Embracing what it means to be an adoptive dad


Guest post from Teddy’s dad.

I had always assumed I’d have a family. It was just part of the package. Go to college, get married, have some kids, retire, and ride off into the sunset. But somewhere between “get married” and “have some kids” the plan got a little off track. We tried to “have” the kids but kept getting thwarted by Mother Nature. And as we got toward the end of medical options, I realized if I wanted to have a family, I needed someone else to “have” my child. I understood what that meant intellectually. What I wasn’t prepared for was getting my heart to understand.

I had always wondered if my kid would have my cowlick, my droopy eye, or my high cholesterol. I hoped that, like me, he would have an insatiable interest in the world around him. It was obviously a given that my kid would have my skin color.

Except, suddenly it wasn’t.

To go from wondering about cholesterol to skin color was too much. My heart just couldn’t square that circle. And that’s where I stood for a while: my mind ready to jump into the world of adoption but my heart balking at the idea.

At some point, probably in early 2010, we agreed to start praying about what was next, since the medical options weren’t working. Slowly my heart changed. It wasn’t overnight. I didn’t have a Damascus Road experience. I simply felt my heart soften toward adoption. I do remember one key moment when I was praying. God reminded me that Jesus was adopted; Joseph of Nazareth was an adoptive father too.

The more I looked into it, the more I realized that Joseph and I had more in common than I thought. Don’t worry, I’m not kidding myself — I know that my son, while wonderful, isn’t morally perfect. But while Joseph’s kid might have looked like him, there were pretty significant differences, some bigger than the ones I faced. Jesus had all knowledge. Think about trying to teach your child the world when He is the one who created it. Think about having your own son explain the Scriptures to you. I still plan on knowing more than my son does, at least when he’s a kid.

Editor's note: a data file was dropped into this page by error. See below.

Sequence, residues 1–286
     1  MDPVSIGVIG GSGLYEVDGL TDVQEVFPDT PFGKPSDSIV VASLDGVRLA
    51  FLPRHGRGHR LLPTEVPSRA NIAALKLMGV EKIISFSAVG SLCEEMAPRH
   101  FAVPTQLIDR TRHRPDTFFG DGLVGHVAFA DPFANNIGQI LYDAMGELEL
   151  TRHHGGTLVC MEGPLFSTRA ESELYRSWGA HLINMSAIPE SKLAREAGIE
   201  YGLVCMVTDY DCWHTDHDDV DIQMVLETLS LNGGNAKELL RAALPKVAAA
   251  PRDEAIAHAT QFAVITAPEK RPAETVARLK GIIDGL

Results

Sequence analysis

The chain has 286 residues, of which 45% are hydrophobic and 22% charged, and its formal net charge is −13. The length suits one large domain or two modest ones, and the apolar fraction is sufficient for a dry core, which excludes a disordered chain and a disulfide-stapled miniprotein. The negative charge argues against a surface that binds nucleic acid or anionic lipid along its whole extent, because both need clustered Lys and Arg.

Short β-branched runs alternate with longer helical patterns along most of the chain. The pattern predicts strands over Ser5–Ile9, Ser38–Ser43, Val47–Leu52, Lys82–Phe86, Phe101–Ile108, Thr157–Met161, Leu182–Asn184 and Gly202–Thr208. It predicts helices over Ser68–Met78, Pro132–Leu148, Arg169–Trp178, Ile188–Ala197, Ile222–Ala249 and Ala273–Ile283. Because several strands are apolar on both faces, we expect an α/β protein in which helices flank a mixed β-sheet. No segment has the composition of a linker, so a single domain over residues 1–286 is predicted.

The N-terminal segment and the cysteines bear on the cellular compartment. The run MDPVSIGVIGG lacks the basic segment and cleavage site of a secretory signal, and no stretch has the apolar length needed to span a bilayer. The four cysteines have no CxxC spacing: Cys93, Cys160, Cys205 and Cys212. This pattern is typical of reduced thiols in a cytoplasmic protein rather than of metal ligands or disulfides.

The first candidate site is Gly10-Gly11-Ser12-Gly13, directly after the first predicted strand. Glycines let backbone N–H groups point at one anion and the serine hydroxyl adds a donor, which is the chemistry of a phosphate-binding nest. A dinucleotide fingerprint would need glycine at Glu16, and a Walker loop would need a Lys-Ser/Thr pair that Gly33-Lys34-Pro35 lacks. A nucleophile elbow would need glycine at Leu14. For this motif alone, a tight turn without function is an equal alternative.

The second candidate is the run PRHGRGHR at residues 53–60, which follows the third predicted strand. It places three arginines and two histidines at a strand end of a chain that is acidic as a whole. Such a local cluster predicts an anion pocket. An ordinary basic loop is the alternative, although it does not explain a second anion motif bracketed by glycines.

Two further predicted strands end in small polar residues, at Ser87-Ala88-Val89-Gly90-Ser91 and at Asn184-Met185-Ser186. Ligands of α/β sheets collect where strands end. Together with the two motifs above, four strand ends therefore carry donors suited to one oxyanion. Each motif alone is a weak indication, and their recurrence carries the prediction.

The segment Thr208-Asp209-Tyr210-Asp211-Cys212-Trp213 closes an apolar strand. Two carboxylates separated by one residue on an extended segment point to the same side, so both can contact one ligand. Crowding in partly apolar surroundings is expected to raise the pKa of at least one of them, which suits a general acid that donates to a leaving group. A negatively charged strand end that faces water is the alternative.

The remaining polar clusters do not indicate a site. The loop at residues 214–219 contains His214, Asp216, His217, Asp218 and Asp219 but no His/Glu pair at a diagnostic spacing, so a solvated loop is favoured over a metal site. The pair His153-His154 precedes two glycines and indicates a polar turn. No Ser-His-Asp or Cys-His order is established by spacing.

Yet Joseph said, “Yes. If this is what I need to do to show God and my wife that I love them, I’m on board.”

And soon after that realization, my heart agreed with my mind that it was time to be an adoptive dad. And I’m so glad they did. I’ve been savoring every moment since Teddy showed up.

And God does have a sense of humor. My kid most definitely won’t look like me. Teddy has black skin. Mine is white. Given his recent measurements, he’ll most likely be tall. Shooting guard for the Washington Wizards, I will never be. Teddy has big eyes. My eyes are droopy. Teddy’s nose is broad and flat. Mine is tall and stubby. Teddy has dimples. I don’t. He’s got curly hair while mine’s straight. He has chocolate brown eyes. I’ve got ocean blue ones.

But none of that matters anymore. He’s my son, and I’m his father.


About savoringeverymoment

I'm a grammar geek (I'm firmly on the side of the serial comma), the wife of a baseball fanatic, and the mama of two delightful, rambunctious children. I live in the nation's capital and attend a church where all are welcome and encouraged to use their gifts and talents.

4 responses »

  1. I have always admired the man you are and how you humble yourself before the Lord. Teddy is blessed to have a father like you and I am blessed to call you a friend. Love ya, man!

  2. Pingback: Sept 23 « Savoring Every Moment

  3. Pingback: “When exactly do I become ‘Dad’?” « Savoring Every Moment

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